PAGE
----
This implies that dividends paid to non-resident pension funds are subject to a 15% German withholding tax, which is regarded as a final levy. In contrast, German pension funds can minimize their overall tax liability on income from capital by reserving their annual income from capital for pension payment obligations. Thus, dividends paid to resident pension funds receive more favorable treatment compared to those paid to non-resident pension funds.

Key takeaways from ECJ Ruling

The ECJ rendered a ruling on November 13th, 2019, regarding the College Pension Plan (C-641/17) case. It concluded that the German dividend withholding tax imposed on the College Pension Plan violated the free movement of capital and represented a prohibited restriction, provided that the College Pension Plan, similar to German pension funds, used the dividend income for pension liability provisioning. This included adding the dividend income to the pension liability reserve, whether voluntarily or in accordance with the laws of its state of residence, Canada. However, the ECJ deemed the question of pension liability provisioning to be a matter of fact and referred it back to the referring Federal Tax Court of Munich for further consideration.

Federal Tax Court of Munich Rules Against College Pension Plan in Referral Case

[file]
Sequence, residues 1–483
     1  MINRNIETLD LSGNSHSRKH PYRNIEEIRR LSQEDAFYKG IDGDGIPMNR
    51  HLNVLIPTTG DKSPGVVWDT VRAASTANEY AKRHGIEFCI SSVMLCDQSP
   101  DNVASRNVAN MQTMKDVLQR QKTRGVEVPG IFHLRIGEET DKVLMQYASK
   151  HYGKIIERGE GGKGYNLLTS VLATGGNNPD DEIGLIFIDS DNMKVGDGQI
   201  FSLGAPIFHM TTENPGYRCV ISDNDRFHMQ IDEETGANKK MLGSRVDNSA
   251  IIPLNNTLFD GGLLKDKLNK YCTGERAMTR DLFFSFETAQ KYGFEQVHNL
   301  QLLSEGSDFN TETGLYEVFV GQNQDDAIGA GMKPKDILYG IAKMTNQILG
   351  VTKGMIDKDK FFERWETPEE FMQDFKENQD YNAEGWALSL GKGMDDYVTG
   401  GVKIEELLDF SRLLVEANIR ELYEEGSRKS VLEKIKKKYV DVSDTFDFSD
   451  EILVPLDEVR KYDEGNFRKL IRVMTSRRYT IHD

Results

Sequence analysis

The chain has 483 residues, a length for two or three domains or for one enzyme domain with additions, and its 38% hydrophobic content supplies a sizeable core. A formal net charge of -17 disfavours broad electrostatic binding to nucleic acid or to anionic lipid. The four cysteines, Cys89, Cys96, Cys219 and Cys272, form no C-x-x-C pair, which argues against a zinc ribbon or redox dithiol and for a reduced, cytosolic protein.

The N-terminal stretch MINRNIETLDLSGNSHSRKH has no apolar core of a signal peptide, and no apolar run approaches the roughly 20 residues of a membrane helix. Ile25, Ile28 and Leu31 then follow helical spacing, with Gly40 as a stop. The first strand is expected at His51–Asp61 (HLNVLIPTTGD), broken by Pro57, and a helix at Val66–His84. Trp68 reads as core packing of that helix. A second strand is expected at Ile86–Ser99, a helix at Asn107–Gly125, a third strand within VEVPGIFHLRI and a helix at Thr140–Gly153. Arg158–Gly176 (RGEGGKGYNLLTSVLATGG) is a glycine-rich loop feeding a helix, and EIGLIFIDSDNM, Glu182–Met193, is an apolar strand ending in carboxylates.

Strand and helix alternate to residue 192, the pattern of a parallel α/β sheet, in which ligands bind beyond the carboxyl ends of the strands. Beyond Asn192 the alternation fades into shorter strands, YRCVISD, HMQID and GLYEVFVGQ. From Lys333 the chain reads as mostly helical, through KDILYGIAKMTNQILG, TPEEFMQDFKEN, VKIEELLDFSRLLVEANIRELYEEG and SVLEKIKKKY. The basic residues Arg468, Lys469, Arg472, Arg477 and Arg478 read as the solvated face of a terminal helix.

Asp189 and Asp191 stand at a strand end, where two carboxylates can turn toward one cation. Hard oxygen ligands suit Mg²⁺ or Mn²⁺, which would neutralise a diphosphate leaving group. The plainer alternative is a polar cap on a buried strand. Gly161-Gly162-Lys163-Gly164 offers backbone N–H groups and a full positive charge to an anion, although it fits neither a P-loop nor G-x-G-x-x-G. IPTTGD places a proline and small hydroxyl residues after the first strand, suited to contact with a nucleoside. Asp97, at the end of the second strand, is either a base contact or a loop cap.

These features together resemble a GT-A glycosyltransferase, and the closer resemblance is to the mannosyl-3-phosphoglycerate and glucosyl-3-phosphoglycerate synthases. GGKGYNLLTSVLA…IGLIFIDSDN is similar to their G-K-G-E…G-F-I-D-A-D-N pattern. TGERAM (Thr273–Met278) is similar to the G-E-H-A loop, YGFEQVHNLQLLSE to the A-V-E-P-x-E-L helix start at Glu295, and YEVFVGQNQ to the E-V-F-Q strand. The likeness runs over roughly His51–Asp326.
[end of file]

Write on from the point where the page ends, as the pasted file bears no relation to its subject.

On December 6th, 2021, the Federal Tax Court of Munich issued a decision on the referral case concerning College Pension Plan. The Court found that the College Pension Plan had failed to make adequate provisions for pension liabilities in its financial statements and did not designate dividends to these provisions in a manner comparable to German pension funds.

According to the information presented, the Federal Tax Court has determined that the College Pension Plan’s circumstances are dissimilar to those of a German pension fund. Therefore, the Court decided that a non-refundable withholding tax was appropriate. In response to this decision, the College Pension Plan filed an appeal with the German Supreme Court.

German Supreme Court Upholds Federal Tax Court of Munich’s Decision in College Pension Plan Appeal

On December 1st, 2022, the German Supreme Court issued a ruling in the College Pension Plan’s appeal case, confirming the Federal Tax Court of Munich’s decision and denying the withholding tax refund.

The Supreme Court’s decision was based on the finding that the College Pension Plan had complied with Canadian accounting regulations applicable during the years in question, however, it failed to establish provisions for pension benefit obligations on the liabilities side. While the company reported income from investments and contributions in the profit and loss statements, it recorded only the pension benefits paid in the respective year as expenses, implying that income from investments had not been reduced by allocations to provisions for future pension benefit obligations.